There is a phrase that has been floating around the inbound marketing industry lately, and honestly, it is starting to scare me a bit. Not because it is actually horrific, but because it probably means a whole lot more work for me and my content counterparts. What is this heavy-weight phrase? Personalized Content.
Don’t get me wrong, I want all of my content to be keen and clever. But Personalized Content actually refers to the copy on a website (or ad or email) that changes based on terms searched by visitors or their past behavior. Basically, the website tries to understand what each viewer is looking for and then provides that information immediately.
To get a better grasp on the term, take the idea of Amazon’s recommendation algorithm and apply it to the entire site and you’ve got Personalized Content.
While Personalized Content is not available quite yet from HubSpot (Smart CTAs, Forms and Images are already available), we assume it is on its way. In the future, you will most likely be able to change paragraphs, headlines and landing pages, in addition to images, forms and offers.
Why Bother with Personalized Content?
Over the past few years, marketers have realized that relevancy is one of the most important elements to their success. That is why we spend numerous hours and copious amounts of energy depicting buyer personas. So now that these personas are determined, why would we send them all to the same place to receive the same content? Ideally, you wouldn’t, and soon you won’t have to.
We already know leads who are nurtured with relevant information produce a 20 percent increase in sales opportunities versus non-nurtured leads. Why not start the process off with a bang—or better yet, Personalized Content from the visitors’ very first interactions with your site? You know what this means: Personalized Content helps you get the right content to the right person at the right time from the beginning.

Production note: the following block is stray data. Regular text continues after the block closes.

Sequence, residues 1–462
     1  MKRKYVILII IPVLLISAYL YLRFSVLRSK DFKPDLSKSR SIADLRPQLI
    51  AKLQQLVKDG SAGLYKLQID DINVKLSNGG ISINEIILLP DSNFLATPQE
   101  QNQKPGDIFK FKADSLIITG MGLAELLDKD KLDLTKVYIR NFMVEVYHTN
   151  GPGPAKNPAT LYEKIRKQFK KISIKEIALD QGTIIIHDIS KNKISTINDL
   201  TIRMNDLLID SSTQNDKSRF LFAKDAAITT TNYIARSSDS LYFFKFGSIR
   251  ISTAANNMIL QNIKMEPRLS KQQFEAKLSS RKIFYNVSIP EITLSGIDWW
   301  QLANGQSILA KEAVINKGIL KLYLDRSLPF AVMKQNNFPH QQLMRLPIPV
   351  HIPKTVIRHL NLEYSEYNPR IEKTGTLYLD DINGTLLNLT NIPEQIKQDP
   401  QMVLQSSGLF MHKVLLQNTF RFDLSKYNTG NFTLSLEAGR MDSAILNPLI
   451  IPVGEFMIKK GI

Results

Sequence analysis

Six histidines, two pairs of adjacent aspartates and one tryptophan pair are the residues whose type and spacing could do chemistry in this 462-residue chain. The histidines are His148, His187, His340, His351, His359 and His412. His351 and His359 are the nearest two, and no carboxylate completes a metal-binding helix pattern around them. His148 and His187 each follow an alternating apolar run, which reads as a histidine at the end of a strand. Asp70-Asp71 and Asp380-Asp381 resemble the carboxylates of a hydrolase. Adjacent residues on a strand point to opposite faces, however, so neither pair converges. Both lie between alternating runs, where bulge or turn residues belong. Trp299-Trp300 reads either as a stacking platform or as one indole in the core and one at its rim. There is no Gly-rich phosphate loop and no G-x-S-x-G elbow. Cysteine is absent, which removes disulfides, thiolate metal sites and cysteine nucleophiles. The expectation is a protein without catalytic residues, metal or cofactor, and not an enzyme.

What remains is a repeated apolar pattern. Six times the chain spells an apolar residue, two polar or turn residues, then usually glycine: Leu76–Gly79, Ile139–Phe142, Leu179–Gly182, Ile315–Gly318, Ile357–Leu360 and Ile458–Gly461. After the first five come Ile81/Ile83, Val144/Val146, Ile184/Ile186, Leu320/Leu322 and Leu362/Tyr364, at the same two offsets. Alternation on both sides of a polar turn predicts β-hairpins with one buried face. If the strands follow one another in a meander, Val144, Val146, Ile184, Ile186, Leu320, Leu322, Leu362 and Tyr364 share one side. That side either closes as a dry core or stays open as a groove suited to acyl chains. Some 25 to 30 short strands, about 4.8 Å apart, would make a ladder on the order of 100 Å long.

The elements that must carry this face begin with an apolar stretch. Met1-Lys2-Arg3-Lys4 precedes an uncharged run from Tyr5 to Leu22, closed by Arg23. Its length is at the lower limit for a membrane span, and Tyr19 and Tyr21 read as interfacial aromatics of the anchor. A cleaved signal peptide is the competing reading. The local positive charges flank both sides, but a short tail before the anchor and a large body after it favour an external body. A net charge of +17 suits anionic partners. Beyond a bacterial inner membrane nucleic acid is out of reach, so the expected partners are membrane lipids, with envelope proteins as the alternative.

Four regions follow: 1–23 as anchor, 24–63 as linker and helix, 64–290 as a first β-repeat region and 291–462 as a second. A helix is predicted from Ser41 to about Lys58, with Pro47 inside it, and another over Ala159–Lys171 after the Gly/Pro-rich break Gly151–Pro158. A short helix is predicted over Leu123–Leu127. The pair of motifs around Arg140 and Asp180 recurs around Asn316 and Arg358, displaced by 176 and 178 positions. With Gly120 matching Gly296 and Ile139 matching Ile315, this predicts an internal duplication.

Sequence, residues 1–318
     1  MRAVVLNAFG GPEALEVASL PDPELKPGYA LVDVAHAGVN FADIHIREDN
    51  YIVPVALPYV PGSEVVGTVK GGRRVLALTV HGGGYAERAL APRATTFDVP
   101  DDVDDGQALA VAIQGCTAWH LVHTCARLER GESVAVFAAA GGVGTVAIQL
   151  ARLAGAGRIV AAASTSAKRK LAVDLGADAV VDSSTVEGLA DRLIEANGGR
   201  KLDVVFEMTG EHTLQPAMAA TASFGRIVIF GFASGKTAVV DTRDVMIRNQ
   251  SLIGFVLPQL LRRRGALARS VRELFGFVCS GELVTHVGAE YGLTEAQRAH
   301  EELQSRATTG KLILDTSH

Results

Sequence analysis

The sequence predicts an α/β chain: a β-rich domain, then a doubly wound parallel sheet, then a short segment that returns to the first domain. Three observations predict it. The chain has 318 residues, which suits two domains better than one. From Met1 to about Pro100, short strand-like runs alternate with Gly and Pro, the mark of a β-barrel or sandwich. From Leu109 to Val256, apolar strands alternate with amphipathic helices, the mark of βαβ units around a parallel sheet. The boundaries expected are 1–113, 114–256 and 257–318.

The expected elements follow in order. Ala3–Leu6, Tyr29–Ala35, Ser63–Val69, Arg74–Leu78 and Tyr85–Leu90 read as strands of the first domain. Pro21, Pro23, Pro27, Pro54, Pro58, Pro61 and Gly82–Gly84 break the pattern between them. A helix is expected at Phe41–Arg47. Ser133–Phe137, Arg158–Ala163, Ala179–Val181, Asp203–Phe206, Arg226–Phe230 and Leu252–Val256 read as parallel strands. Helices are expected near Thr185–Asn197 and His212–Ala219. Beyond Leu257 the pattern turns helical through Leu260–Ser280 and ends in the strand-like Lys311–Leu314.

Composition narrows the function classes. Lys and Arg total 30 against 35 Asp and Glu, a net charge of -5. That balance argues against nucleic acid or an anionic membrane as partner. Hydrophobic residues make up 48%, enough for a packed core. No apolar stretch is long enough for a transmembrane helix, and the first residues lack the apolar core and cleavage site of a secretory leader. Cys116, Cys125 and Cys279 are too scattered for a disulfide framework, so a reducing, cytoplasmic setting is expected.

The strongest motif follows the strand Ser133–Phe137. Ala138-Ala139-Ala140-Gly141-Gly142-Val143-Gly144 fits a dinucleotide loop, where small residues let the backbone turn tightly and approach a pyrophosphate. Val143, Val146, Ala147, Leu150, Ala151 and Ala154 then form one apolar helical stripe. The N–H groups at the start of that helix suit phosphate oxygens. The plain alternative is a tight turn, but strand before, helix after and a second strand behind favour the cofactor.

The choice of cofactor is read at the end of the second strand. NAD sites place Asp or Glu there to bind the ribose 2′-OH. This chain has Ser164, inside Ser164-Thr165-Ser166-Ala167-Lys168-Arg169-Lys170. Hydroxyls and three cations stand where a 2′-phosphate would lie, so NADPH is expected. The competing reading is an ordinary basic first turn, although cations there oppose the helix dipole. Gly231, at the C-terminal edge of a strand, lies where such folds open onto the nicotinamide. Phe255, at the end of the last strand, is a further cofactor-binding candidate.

Let’s Talk Strategy
While Personalized Content will be doubling or probably even tripling a content writer’s workload, it is good for the visitors. Keep in mind that Personalized Content should help you compose a personal and easy-to-navigate experience for your audience, not a complicated one. When it comes to strategy, ask yourself how changing up the content will improve customers visits on your website without confusing or overloading them.
To get started, consider integrating Smart CTAs to remove any offers leads have already downloaded from their view. To learn more, read this blog.
Let’s talk about the content that directs a potential lead to that offer. To begin, try one of these three options for segmenting your Personalized Content:
- Search Term: Let’s say you offer services to several positions within your target businesses. Using Personalized Content, you could send each visitor to the most relevant information based on the phrase he or she entered into Google rather than a generic homepage.
- Buyer Persona: As we mentioned, you may have several buyer personas, and they may be diverse in nature. Sending them all to the same page of generic content may turn them off to the site completely. Personalized Content can help develop a customized experience for each persona. Perhaps you can tailor your content and images to reflect separate industries—one webpage for manufacturing, one webpage for healthcare and one webpage for technology. Each persona will feel that you understand them and what they need, helping them move forward in your sales funnel.
- Lifecycle Stage: As leads move through your sales funnel, their concerns and needs change. They may have come to your website with problems to solve, and each time they return they may be closer to making the final decision to purchase. By taking into account the number of visits to your site a lead makes, you can offer information that gradually becomes more product-centric (or salesy) the closer the lead gets to the bottom of the funnel. This way you don’t scare off someone who is just browsing, and you won’t miss the chance to sell to someone who is ready to make a purchase.
It’s true, Personalized Content may increase the workloads of content marketers across the industry. But it will be worth it so long as you research, understand and use the insights your visitors and leads have left behind on your site, including their preferences, concerns and past behavior. Use Personalized Content to connect with your potential buyers on a more personal and in-depth level, and your extra efforts can yield extra customers!
What do you think about the new idea of Personalized Content? Share your thoughts in the comment section below. And to learn more about Personalized Content and implementing it into your content marketing strategy, download this free guide today.